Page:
Their appearance before the Supreme Court regarded their violation of their long term supervision order (LTSO) which resulted in their resentencing. Upon reviewing the Gladue factors and the purpose of the Gladue principles, the Supreme Court reaffirmed the importance of Gladue and that its’ principles must also apply to sentencing long term offenders for breach of LTSO’s. Also, “the majority of justices in Ipeelee note that over-representation and alienation of Aboriginal people in prison has only worsened in the years following Gladue.”

prison bars“The very first thing people need to know is that Gladue isn’t a ‘get out of jail free’ card. Gladue reports are about restorative justice and healing,” asserted Bird. “Equality doesn’t mean treating people the same. You have to treat people according to the circumstances. We hear it all the time- that Gladue’s are supporting a two-tiered justice system.  But that’s not true. We have a multi-tiered justice system because every individual that comes to our Courts should be treated as an individual. And that’s what Gladue principle’s reinforce.”

According to John Braithwaite (2004), restorative justice is “a process where all stakeholders affected by an injustice have an opportunity to discuss how they have been affected by the injustice and to decide what should be done to repair the harm. With crime, restorative justice is about the idea that because crime hurts, justice should heal. It follows that conversations with those who have been hurt and with those who have inflicted the harm must be central to the process.”

Rudin went further to explain that a Gladue report, when conducted thoroughly, is in and of itself a component of restorative justice.

“Ideally a good Gladue report is restorative justice in the sense that what we do is try to get the individual to think about their life in a different light. Part of that process is for the person to think about what has worked for them, what their strengths and challenges are and how they might address those challenges.”

The legacy of the residential school system demoralized Aboriginal cultures and disrupted families for generations. The devastating effects of residential schools have a long reach. Those who are survivors were abusively conditioned to disassociate from their culture and the generations after have carried this stigma forward.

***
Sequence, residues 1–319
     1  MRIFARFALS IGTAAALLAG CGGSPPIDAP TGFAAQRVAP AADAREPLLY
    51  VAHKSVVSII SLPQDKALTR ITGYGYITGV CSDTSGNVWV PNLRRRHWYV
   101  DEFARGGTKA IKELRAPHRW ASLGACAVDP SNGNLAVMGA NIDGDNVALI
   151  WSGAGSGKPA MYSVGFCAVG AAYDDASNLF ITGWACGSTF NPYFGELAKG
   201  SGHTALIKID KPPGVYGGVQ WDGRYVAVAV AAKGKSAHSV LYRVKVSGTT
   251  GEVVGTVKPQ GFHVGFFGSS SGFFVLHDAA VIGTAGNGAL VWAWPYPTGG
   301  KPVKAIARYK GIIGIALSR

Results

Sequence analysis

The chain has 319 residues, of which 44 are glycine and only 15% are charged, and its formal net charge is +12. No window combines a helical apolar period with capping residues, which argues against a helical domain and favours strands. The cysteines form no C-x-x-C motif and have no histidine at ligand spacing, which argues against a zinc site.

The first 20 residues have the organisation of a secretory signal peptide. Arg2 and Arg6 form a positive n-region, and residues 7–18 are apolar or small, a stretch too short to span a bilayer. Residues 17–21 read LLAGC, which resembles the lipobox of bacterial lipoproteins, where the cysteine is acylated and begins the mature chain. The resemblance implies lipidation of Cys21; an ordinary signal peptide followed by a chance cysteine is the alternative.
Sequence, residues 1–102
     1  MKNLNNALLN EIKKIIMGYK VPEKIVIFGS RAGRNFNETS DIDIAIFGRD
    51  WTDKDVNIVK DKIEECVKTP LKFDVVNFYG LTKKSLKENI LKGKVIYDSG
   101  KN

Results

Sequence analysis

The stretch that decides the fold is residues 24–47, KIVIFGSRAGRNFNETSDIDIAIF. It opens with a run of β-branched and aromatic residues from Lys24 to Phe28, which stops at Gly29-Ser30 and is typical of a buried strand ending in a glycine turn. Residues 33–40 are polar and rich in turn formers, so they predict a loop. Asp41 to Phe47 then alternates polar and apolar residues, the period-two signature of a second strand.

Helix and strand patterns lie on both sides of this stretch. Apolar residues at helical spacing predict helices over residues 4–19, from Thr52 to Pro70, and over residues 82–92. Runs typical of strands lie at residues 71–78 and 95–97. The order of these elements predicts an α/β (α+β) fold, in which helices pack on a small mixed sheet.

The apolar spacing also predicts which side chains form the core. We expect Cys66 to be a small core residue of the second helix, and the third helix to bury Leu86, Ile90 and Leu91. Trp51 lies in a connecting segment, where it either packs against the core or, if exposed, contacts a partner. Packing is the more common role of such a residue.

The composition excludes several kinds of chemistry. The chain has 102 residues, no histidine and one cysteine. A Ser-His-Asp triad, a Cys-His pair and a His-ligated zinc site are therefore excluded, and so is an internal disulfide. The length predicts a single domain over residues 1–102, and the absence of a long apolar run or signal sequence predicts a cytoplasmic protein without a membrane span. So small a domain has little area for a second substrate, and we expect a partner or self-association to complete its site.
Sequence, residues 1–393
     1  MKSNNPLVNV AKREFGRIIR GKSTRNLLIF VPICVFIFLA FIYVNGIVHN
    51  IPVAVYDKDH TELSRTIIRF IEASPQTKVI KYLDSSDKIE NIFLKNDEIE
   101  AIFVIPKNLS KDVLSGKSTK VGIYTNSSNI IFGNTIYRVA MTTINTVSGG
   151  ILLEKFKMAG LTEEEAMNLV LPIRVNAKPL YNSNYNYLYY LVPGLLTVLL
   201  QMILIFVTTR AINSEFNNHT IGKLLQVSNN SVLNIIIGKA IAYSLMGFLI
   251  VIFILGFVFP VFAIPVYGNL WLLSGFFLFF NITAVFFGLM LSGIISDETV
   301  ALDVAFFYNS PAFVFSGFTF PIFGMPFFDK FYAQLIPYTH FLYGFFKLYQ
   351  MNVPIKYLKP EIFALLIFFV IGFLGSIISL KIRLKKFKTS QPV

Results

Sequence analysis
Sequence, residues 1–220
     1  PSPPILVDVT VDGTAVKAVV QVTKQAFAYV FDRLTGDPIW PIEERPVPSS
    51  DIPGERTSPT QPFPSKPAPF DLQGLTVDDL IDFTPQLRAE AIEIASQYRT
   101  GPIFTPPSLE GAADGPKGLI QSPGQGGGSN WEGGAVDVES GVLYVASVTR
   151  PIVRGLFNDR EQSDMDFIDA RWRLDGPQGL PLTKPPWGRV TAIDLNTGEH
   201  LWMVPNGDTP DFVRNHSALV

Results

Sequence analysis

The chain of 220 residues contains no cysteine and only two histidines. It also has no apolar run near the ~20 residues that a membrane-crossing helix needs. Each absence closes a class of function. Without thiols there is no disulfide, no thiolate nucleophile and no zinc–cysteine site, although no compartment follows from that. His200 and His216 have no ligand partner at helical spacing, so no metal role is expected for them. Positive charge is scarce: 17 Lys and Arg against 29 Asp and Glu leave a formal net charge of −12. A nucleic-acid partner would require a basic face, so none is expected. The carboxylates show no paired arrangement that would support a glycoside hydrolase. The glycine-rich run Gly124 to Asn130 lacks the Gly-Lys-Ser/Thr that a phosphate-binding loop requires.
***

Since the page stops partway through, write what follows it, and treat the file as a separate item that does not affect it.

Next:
Rudin noted that reviving, or in some cases discovering, cultural identity is significant to the restorative justice process for Aboriginals.

“What we see often is that for most of our clients, they don’t have any sense of cultural identity. Other people may have told them who they are but that person-the offender, doesn’t know who they are. They may not even feel like an Aboriginal person because they don’t know much about their culture but that’s how everybody else views them. They’ve often experienced racism. It is a huge issue that we give a lot of attention to.”

On release, in a way that is similar to their exit from residential schools, they are sent back out more wounded, angry and institutionalized. Communities are generally ill prepared to accommodate ex-offenders. The cycle of re-offending then continues: individuals are blamed while families and communities bear the brunt of a failed system. ~ Native Women’s Association of Canada

Aftercare services for people is utmost and Rudin admitted that it is an issue that can be challenging.

“Gladue is not the end of a process but ideally the beginning of a process that others will help the individual carry through with. Often people say that the challenge in trying to make Gladue real is that there are not resources in the community – or not enough. I think that is probably true of most communities.”

However, for a community like Sault Ste. Marie, Gladue services introduced into the local social fabric can serve as an impetus for positive growth.

“We have noticed a couple of recurring themes in communities where Gladue’s are introduced,” elaborated Rudin. “One, there are resources in communities, particularly small communities, that are not necessarily professional resources. There may be Teachers or Elders in the community that we can rely on and we need to explain that to the Courts. The other thing that we’ve found is that sometimes once we start writing reports that gaps and services are identified. That allows the community to address those particular gaps.”

Of meeting the challenge of follow-up resources Rudin commented, “We hope that it will galvanize people and we’re certainly willing to help in that regard as well.”

The hiring process for Gladue workers in northeastern Ontario is underway. It is hoped that the new writers will be established and operational by the middle of May.